- Add a strip that is a slightly different hue. If you are hooking with red, add a strip of red orange or red purple. Something just slightly off.
- Add a strip of a completely different color, but in the same value. If you are hooking blue, add a green that is the same value. Value relates to the darkness of the wool. Take a photograph of your intended wool. Change the photo to black and white. If they look the same in that photo, then they will blend.
- Add a strip that is the same color, the same value but is a texture instead of a solid. If you are hooking with textures, insert a strip of solid.
Hook 5 strips of background wool every time you sit down at your frame.
This is a challenge that is really more a habit, but it will transform your rug hooking. I never leave my background until the very end.
- You never truly know how the background will work until you see it hooked.
- Your motifs look different with background hooked around them.
- I love hooking colors next to each other. Hook a strip of background as your second strip!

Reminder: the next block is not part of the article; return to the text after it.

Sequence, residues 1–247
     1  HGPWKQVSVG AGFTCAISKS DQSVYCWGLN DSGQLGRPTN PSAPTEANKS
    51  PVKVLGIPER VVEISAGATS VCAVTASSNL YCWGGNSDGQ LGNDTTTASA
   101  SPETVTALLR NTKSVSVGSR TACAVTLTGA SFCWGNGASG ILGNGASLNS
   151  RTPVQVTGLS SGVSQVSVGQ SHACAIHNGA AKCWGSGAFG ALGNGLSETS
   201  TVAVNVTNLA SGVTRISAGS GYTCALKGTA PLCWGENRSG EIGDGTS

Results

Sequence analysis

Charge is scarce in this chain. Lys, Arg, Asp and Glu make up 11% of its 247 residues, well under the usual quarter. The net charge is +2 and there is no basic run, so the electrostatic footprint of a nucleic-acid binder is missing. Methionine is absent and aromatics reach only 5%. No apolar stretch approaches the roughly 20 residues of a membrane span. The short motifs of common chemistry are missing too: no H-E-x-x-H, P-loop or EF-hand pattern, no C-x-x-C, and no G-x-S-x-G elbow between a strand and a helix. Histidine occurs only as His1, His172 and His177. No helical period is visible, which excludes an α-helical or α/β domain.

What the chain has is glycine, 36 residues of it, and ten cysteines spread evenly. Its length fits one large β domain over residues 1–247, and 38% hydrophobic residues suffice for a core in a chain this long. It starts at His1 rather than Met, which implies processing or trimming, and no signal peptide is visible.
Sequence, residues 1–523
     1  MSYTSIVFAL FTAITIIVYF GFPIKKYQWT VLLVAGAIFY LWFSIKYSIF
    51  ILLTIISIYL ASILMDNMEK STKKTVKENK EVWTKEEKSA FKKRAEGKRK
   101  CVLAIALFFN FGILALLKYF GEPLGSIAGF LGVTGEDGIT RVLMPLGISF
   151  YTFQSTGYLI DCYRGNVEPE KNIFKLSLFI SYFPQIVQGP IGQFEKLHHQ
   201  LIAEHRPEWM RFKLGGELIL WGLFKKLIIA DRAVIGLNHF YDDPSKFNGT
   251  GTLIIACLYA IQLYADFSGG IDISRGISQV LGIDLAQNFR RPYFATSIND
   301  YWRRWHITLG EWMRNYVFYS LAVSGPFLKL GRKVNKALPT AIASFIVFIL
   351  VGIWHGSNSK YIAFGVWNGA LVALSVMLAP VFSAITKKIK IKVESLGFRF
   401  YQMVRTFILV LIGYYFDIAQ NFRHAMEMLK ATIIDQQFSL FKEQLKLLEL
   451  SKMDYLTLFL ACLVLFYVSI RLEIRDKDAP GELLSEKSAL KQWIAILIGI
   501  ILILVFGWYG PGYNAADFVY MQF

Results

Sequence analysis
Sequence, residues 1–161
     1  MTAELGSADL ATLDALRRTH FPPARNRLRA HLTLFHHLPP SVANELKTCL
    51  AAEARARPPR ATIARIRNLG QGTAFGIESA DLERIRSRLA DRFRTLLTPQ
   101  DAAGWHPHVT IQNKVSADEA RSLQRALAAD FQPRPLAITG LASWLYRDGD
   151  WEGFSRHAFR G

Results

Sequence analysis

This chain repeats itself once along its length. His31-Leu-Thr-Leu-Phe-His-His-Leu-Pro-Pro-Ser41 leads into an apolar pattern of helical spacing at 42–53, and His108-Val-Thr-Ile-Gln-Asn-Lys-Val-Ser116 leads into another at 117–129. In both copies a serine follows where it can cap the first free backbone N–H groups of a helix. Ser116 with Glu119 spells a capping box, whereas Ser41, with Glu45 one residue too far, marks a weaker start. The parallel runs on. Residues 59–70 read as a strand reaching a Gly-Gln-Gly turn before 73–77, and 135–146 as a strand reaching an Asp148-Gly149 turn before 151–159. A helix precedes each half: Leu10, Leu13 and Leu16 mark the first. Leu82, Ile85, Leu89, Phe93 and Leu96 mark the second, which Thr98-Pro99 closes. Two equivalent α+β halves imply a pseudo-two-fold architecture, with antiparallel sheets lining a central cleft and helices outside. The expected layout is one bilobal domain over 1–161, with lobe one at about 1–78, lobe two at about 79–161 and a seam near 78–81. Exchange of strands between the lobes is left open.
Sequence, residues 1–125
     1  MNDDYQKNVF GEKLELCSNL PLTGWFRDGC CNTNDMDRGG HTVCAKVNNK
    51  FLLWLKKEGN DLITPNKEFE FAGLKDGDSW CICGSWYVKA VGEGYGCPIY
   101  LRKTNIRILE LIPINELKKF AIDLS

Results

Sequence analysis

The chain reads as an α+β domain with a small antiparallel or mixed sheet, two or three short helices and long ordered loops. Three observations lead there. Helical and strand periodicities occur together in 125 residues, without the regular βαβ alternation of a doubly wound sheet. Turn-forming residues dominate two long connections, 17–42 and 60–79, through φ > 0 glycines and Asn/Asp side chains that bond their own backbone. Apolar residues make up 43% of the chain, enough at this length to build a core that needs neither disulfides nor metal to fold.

- With your background hooked in your rug, you will make better choices for the motifs.
- Every strip I hook today is one less I have to hook after all the motifs are complete.
Imagine hooking a rug where you never have “just background” to hook. What would that feel like? How would that help you to actually finish your projects?
Here’s the secret
Every time you sit down to hook, hook 5 strips of background. The phone rings. Hook 5 strips of background. You get up to answer the door. Hook 5 strips of background.
I think you can easily see how this method would finish your background in no time.
The Jig Saw Puzzle Method
Hook a squiggly line all around your rug. Quilters will recognize these shapes at stipple quilting. The important thing is to be sure that you do not create a repeating design. Keep the loops big and small. Point them in different directions. Keep it random.
You can hook this on Day One, even before you have any of the motifs finished. Once your motifs are complete, just hook an row of background around them and then continue to fill in.
I play a game with the process and try to hook the initial wiggly line all over the pattern completely before beginning to fill in, but I never quite succeed. I never fill in one area completely before moving on to another. This way if I need to bring in more wool, I can do it without any ripping out — and without stress.